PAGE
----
UN Chief Seeks to Streamline Troubled Mali Peacekeeping Mission

UN Secretary-General Antonio Guterres called Tuesday for maintaining but streamlining a peacekeeping mission in troubled Mali, whose military leaders have clashed with the West and turned to Russia.

In a report to the Security Council, which will vote June 29 on extending one of the most dangerous UN missions, Guterres called for a “reconfiguration” of the effort known as MINUSMA first launched 10 years ago.

“The Council could consider streamlining MINUSMA tasks around a limited set of priorities to improve its overall effectiveness until the end of the political transition,” promised by the junta by March 2024, Guterres said.

In January, Guterres submitted a strategic review of MINUSMA at the request of the Security Council to assess options for a mission tasked with stabilizing a state that has come under heavy pressure from jihadist violence.

With the security situation deteriorating, Guterres proposed three options including raising troop levels and pulling out the mission completely.

In the end, he opted for a middle course.

“As I stressed in January, the status quo is not and cannot be an option,” Guterres wrote.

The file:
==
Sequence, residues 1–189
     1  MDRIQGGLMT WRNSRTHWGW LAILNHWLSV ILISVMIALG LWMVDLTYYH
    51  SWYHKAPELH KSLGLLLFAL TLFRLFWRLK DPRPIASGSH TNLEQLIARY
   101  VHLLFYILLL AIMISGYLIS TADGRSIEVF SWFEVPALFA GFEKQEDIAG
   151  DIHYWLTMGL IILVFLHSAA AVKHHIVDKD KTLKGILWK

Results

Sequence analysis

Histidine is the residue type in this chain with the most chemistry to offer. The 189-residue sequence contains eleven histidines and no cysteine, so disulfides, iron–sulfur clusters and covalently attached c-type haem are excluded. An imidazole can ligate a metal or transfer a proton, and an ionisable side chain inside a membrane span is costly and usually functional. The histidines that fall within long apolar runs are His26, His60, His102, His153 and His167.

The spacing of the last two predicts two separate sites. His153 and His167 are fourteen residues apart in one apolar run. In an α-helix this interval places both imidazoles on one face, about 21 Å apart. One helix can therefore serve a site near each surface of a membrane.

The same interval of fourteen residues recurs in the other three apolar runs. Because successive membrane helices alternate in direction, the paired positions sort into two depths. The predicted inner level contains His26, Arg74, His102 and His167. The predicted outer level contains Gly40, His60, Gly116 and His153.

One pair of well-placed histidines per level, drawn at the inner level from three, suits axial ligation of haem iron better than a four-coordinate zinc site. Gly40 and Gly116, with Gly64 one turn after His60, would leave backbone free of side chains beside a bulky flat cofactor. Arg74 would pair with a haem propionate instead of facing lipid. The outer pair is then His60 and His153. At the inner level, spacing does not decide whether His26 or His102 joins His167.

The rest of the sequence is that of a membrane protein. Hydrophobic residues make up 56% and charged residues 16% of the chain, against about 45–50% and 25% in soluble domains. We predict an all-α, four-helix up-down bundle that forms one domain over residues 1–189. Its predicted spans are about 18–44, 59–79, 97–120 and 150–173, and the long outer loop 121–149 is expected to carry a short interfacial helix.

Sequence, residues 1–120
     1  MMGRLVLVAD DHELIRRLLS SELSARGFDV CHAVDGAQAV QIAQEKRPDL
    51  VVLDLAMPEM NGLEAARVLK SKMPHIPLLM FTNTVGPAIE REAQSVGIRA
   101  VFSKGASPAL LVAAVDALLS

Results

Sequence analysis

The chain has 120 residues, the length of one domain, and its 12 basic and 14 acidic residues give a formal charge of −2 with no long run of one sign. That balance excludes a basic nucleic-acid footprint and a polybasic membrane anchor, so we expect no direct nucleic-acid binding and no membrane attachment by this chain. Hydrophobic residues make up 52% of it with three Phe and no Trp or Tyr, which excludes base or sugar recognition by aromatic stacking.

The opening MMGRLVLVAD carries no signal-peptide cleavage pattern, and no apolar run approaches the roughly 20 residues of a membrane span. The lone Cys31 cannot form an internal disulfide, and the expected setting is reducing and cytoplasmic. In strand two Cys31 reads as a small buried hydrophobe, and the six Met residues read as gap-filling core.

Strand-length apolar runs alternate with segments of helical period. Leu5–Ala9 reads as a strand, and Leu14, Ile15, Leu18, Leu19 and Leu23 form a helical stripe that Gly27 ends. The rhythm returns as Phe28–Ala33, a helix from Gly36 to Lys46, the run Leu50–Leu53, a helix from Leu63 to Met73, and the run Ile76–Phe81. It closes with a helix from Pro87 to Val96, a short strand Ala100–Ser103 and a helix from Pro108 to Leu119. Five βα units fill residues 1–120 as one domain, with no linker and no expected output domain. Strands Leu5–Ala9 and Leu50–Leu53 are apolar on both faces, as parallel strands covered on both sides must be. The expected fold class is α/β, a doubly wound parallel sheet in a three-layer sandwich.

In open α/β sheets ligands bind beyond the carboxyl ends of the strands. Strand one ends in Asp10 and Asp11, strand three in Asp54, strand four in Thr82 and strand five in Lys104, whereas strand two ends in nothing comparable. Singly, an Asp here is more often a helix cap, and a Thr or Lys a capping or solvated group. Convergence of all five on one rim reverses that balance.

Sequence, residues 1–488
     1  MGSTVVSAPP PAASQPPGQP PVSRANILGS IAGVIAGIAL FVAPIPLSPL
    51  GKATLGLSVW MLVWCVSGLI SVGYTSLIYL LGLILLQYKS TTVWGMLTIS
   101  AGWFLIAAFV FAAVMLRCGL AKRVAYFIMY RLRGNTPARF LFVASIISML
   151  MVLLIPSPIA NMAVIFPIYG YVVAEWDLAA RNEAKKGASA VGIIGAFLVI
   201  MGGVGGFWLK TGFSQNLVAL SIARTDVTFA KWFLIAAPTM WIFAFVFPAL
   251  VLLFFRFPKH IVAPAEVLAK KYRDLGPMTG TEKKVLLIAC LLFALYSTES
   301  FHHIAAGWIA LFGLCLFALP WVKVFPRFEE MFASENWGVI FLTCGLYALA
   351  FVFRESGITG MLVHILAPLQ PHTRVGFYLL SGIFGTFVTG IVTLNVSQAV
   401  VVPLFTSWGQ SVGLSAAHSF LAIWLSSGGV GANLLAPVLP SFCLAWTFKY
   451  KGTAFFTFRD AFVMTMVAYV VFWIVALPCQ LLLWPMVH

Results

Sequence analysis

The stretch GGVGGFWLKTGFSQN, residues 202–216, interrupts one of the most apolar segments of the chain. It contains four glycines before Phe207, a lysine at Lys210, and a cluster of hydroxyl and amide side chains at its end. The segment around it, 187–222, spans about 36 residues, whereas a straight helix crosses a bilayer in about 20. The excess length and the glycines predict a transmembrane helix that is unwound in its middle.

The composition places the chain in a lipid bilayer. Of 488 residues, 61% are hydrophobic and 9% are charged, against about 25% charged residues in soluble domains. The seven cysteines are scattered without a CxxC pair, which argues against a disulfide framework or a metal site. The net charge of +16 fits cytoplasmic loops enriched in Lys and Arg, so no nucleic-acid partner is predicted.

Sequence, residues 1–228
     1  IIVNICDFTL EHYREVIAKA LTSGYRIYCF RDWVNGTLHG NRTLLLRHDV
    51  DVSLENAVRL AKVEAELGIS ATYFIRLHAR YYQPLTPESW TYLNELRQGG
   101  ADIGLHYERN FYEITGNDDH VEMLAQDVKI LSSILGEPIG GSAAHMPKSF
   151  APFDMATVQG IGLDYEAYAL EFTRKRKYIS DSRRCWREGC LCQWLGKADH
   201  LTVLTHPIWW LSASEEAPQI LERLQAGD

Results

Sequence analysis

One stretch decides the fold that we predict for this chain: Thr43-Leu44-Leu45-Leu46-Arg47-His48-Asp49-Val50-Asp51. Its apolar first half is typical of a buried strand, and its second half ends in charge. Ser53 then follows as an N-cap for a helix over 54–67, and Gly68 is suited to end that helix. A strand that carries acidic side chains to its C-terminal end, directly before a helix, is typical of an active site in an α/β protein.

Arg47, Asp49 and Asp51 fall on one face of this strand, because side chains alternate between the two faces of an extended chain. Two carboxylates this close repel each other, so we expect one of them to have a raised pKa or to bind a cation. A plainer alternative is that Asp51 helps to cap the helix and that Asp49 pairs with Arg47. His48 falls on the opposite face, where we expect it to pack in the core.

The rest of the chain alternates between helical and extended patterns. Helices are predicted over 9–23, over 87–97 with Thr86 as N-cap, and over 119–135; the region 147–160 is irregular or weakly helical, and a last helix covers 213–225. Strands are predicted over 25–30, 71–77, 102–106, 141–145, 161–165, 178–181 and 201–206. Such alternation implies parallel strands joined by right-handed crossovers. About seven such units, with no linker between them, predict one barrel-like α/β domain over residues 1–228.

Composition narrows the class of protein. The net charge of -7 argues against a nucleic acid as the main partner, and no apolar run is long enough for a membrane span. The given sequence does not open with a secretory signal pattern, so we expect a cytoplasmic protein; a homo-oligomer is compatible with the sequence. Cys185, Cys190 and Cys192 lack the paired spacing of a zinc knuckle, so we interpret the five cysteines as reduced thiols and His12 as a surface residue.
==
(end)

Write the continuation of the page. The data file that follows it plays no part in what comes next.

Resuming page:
“It can also neither be an option for the Malian people, who continue to bear the brunt of unspeakable violence and whose strong yearning for a better future remains unfulfilled, nor one for the international community, which, since 2013, has invested heavily in the stabilization of the country.”

Guterres called for MINUSMA to maintain its current level of 13,289 soldiers and 1,920 police personnel.

Mali’s military rulers have increasingly clashed with the West and former colonial power France wound up a controversial nine-year military operation in November.

The junta has since moved firmly toward Russia, enlisting the paramilitary Wagner Group and siding diplomatically with Moscow over its invasion of Ukraine.

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